New Israel Law Allows Stripping Residencies of Palestinians Convicted of Terrorism

JERUSALEM (Reuters) – Israel passed a law on Wednesday that would allow authorities to strip people who have been jailed of citizenship or residency if they receive Palestinian funds for actions deemed as terrorism, as rising violence has stoked fears of escalation.

Israel calls stipends for militarism and their families a “pay for slay” policy that encourages violence. Palestinians hail the prisoners as heroes in a struggle against decades of occupation and deserving of support.

Following months of deadly Israeli raids against militants in the occupied West Bank and fatal Palestinian street attacks on Israelis, the law passed by 94 votes to 10, by the hard-right coalition of Prime Minister Benjamin Netanyahu, and many opposition lawmakers in a rare moment of political unity.

Under the new law, Palestinians from East Jerusalem who directly or through their families receive stipends from the Palestinian Authority after having been jailed in Israel for security offenses, can be deported to the Palestinian territories.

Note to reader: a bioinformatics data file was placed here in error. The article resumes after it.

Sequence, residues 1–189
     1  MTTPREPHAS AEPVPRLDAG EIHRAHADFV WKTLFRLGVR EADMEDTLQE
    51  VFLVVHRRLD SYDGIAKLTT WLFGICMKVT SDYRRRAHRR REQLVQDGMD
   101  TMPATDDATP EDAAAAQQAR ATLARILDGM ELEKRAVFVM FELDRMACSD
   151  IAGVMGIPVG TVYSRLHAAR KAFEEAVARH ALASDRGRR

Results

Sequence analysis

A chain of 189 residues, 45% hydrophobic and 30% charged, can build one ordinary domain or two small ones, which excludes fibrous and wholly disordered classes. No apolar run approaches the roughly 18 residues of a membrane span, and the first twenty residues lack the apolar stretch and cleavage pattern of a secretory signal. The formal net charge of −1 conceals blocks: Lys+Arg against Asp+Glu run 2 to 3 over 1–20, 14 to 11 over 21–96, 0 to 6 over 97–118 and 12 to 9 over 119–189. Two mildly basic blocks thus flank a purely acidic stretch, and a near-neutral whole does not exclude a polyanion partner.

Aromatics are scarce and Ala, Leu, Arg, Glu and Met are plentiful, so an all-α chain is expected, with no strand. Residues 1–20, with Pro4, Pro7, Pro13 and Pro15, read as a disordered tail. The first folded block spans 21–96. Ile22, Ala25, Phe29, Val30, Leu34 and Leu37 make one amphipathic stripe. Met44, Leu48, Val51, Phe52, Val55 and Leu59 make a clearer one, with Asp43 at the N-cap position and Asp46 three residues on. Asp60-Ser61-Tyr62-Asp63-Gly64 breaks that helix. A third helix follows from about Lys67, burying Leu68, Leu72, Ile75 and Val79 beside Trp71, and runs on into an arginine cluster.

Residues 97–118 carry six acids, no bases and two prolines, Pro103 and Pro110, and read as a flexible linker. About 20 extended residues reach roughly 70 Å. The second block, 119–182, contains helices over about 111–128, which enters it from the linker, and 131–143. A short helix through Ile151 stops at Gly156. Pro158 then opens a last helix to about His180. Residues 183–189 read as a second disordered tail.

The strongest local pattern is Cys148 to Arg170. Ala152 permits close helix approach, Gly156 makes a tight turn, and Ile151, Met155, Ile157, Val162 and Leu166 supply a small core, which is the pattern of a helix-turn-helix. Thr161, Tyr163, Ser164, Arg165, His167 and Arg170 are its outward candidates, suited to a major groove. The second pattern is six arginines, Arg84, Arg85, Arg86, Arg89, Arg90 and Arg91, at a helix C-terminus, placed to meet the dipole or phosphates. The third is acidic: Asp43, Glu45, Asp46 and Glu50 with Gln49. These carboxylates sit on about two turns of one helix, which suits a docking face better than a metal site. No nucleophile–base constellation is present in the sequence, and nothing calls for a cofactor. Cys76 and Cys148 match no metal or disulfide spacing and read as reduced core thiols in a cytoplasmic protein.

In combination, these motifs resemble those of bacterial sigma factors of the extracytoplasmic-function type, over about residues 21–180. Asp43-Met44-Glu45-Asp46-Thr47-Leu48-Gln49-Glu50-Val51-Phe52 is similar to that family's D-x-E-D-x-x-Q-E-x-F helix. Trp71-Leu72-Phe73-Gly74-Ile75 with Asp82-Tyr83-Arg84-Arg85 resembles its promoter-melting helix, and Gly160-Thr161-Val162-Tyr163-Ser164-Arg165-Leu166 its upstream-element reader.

Political Cartoons on World Leaders

It could also apply to some members of Israel’s Arab minority, many of whom identify as or with the Palestinians.

“Our enemies are not worthy of our citizenship and those who come to hurt the state of Israel are not worthy of living here,” said far-right National Security Minister Itamar Ben-Gvir.

Most Palestinians in East Jerusalem, which Israel captured in the 1967 Middle East war and annexed in a move not recognized internationally, have a “permanent resident” status, as opposed to the full Israeli citizenship of the Arab minority.

The Palestinian Ministry of Foreign Affairs described the law as “the ugliest form of racism.”

Qadoura Fares, chairman of the Palestinian Prisoners Association, said: “This is an unjust and racist law that aims to empty the land of its native residents and eject people from their homes.”

At the Knesset, opposition lawmakers who objected to the bill said it was discriminatory because it would not apply to Jewish Israelis convicted of attacks against Palestinians.

The new legislation comes as already high tension is building ahead of the holy Muslim month of Ramadan and the Jewish holiday of Passover.

(Reporting by Maayan Lubell, Sinan Abu-Mayzer, Ammar Awad and Ali Sawafta; Editing by Bill Berkrot)

Copyright 2023 Thomson Reuters.

Similar Posts